Mistilis, 196565Open-label pilot study1.5–6 yearsTetracycline 500 mg daily6Increase in ALP from baseline. Two patients on prednisolone. No clinical improvement or histological change
Silveira, 200964Open-label pilot study1 yearMinocycline 100 mg BD16Improvement in serum ALP and MRS
Tabibian, 201762Open-label pilot study12 weeksRifaximin 550 mg BD16No significant change in liver biochemistry or symptoms

Endoscopic intervention

The use of endoscopic retrograde cholangiopancreatography (ERCP) in PSC is normally reserved for patients with symptomatic dominant strictures (DS) or if suspicion for CCA is high,133 although in some centers is used routinely as part of surveillance programs.134 DS are focal, high-grade strictures that may be superimposed on diffuse milder ductal narrowing.10,101,135 The development of a DS occurs in 36–58% of patients and may incur poorer prognosis and increased risk of development of CCA.136–140

The best approach to surveillance or management of DS after malignancy is ruled out in PSC patients is unclear. In practice, ERCP and balloon dilatation of strictures with or without stenting is the mainstay of treatment for symptomatic patients.101,133 Serial endoscopic intervention does seem to maintain biliary duct patency at 80% at 1 year and 60% at 3 years.141 While improvement in transplant-free survival based on the MRS was demonstrated in some series, this may purely be a reflection of high pretherapy serum bilirubin rather than true slowing of disease progression.142–144

The evidence for balloon dilatation compared with stent insertion for patients with obstructive sequelae in PSC is limited with heterogenous clinical series and retrospective studies,141,145 and only one randomized-controlled trial to date comparing the two strategies.146 This trial was terminated prematurely due to increased safety signals in the short-term stent group; namely increased post-endoscopic complications such as pancreatitis. The primary endpoint of recurrence of DS within a 24-month follow up period was not statistically significant between the two treatment groups, although this was limited by small numbers and premature termination.42 This is supported by a recent systematic review and meta-analysis on the optimal endoscopic therapy in management of DS in PSC, that demonstrated no difference in clinical efficacy and reduced post-ERCP adverse events with balloon dilatation compared with stent placement.147

For patients who fail endoscopic therapy due to difficult anatomy or other reasons, percutaneous biliary drainage has higher morbidity but offers similar efficacy to endoscopic therapy.101 Surgical management is used as a last resort to bypass biliary obstruction via cholangioenterostomy or resection of the extrahepatic biliary stricture and Roux en Y hepaticojejunostomy.101 However, these surgical methods should only be reserved for noncirrhotic patients with reasonable survival outcomes, a 5-year and 10-year survival of 83% and 60%, respectively at least.148 Cirrhotic patients derive greater survival benefit from LT, as further biliary bypass and resection is associated with increased operative morbidity and mortality in this subgroup.149


Currently, LT is the only curative option for patients with end-stage liver disease or refractory complications such as intractable pruritus or cholangitis,1,8,19,149 with high 5-year survival rates of 85% in patients receiving deceased donor allografts.150 Localized cholangiocarcinoma or high-grade biliary dysplasia in highly selected patients are also considered for transplantation in selected tertiary centers.101,149 Although PSC recurs in around 20% of grafts, this is a relatively benign disease with survival of these patients being comparable to those without evidence of recurrence.151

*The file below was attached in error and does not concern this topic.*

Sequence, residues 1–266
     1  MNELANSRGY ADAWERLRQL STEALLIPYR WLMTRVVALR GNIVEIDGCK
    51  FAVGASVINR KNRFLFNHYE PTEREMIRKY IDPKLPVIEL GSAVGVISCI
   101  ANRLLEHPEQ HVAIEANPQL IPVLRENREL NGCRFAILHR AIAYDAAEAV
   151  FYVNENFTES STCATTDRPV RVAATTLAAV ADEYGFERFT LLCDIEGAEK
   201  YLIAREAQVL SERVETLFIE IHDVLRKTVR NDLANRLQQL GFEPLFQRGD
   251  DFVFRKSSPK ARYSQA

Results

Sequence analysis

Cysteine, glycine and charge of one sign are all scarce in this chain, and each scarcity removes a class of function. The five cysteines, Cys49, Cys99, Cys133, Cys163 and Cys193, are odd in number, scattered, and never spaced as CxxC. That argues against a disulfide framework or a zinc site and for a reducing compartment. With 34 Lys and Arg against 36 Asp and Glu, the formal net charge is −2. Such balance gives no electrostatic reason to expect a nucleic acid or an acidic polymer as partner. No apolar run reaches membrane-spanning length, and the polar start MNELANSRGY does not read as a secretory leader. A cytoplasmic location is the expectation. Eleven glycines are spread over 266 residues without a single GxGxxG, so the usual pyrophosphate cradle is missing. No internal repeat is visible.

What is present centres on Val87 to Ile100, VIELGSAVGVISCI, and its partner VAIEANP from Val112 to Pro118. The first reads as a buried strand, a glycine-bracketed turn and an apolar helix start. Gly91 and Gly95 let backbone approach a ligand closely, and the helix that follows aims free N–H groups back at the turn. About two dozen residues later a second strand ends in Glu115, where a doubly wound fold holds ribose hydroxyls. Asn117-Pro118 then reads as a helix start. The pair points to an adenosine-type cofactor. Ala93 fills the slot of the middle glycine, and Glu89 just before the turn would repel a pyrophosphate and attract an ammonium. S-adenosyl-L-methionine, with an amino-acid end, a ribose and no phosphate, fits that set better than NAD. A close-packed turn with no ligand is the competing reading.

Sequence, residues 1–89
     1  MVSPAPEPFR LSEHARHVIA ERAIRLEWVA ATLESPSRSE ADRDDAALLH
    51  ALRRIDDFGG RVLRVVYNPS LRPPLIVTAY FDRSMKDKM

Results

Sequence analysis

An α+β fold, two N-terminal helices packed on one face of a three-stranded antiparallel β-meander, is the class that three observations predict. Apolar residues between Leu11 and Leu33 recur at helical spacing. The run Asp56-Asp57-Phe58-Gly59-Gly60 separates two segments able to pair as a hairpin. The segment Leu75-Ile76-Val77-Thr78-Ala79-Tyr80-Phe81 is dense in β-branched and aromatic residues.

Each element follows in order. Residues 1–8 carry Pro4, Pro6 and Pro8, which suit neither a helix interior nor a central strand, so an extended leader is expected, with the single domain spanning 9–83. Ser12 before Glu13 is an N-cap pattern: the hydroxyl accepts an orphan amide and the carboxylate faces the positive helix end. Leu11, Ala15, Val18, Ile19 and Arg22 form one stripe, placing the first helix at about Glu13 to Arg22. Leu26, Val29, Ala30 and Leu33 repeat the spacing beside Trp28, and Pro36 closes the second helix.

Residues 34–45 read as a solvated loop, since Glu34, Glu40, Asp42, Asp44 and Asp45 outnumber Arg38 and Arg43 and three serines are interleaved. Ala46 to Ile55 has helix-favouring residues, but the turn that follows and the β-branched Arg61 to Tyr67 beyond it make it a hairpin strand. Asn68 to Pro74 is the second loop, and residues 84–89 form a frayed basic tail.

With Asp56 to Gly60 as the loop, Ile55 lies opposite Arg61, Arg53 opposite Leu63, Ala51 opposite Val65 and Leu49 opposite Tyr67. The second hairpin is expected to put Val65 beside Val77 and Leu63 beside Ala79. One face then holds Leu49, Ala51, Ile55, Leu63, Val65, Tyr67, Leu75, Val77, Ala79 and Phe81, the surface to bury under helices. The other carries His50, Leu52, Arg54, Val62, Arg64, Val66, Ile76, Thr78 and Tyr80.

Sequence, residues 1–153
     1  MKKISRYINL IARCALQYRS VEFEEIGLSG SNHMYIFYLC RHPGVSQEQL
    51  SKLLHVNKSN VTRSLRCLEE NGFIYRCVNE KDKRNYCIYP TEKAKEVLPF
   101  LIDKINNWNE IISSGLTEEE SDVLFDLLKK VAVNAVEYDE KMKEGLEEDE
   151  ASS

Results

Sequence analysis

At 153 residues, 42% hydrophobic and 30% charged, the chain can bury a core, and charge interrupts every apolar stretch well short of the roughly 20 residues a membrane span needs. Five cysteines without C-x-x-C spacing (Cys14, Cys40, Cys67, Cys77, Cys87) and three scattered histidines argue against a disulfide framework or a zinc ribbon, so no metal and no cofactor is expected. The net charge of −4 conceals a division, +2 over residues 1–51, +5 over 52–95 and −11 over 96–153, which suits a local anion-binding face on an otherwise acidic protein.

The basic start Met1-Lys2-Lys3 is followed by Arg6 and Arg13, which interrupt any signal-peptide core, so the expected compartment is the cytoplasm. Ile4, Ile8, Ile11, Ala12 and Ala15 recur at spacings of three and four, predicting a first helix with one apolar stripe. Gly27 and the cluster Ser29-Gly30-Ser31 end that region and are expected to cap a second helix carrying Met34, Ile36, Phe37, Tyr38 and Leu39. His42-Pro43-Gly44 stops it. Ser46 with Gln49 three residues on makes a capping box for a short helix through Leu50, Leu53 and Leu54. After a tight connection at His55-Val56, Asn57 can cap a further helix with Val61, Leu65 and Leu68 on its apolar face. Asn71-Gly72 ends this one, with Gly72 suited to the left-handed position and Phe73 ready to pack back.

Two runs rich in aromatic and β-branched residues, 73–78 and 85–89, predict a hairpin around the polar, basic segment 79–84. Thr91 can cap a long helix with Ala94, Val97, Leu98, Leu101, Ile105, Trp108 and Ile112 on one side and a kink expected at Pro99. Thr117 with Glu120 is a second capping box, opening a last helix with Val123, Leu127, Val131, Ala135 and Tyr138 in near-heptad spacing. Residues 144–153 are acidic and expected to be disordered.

Medical therapy of PSC-related symptoms


A significant proportion of PSC patients (30–60%) experience pruritus as a symptom across their disease course, which significantly impacts HRQOL.9,152 This occurs even in the absence of significant biliary obstruction, although new or worsening pruritus should prompt investigation for development of a new DS or CCA. Pruritus typically affects the limbs (especially the palms and soles) and may intensify with heat and in the evenings.130

As with the pathophysiology driving PSC itself, the exact cause of pruritus in this disease is not entirely known. Serum bile salts potentially activate TGR5 receptors and stimulate pruritus via gastrin-releasing peptide- and opioid-dependent mechanisms.153 There has been increasing evidence that serum ATX and its influence on synthesis of lysophosphatidic acid plays a unique role in pruritus of cholestatic disorders.154,155 Serum ATX activity correlates with degree of pruritus in PSC patients, as compared with other proposed pruritogens such as serum bile salts, serotonin, histamine, and endogenous opioids.130

Lifestyle measures for management of pruritus include topical administration of moisturizers and menthol-containing ointments, as well as avoiding heat.9,130 Although antihistamines are commonly prescribed along with these lifestyle measures, it often does not alleviate pruritus but may lend benefits with its sedating effects.130 Failing these, bezafibrate is recommended by EASL as first-line therapy if available due to its good safety profile, efficacy in pruritus reduction as demonstrated in the FITCH trial and complementary anticholestatic effect with UDCA.8 Rifampicin is recommended as second line but has a risk of inducing hepatitis after 4–12 weeks of treatment. Further therapies beyond these complement the AASLD guidelines with naltrexone 50–100 mg daily and sertraline 100 mg daily being recommended as third-line treatments.8